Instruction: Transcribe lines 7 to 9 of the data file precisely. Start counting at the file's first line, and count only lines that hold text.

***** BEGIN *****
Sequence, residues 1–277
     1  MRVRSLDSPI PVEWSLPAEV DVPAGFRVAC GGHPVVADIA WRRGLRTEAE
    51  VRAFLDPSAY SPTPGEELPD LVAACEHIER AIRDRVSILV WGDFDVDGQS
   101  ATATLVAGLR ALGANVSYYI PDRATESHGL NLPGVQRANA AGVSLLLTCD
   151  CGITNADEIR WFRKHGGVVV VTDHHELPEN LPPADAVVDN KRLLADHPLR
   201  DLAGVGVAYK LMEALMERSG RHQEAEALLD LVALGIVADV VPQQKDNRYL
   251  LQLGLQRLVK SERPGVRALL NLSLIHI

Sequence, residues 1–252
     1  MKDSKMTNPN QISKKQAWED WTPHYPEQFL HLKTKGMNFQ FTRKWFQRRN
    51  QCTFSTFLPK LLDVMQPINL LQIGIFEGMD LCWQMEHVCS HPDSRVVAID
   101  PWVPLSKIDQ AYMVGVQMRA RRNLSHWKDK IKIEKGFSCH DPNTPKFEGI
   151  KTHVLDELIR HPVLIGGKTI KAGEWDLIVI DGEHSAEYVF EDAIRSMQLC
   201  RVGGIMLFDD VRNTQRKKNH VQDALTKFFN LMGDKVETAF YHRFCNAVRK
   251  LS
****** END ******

   251  LQLGLQRLVK SERPGVRALL NLSLIHI

Sequence, residues 1–252
     1  MKDSKMTNPN QISKKQAWED WTPHYPEQFL HLKTKGMNFQ FTRKWFQRRN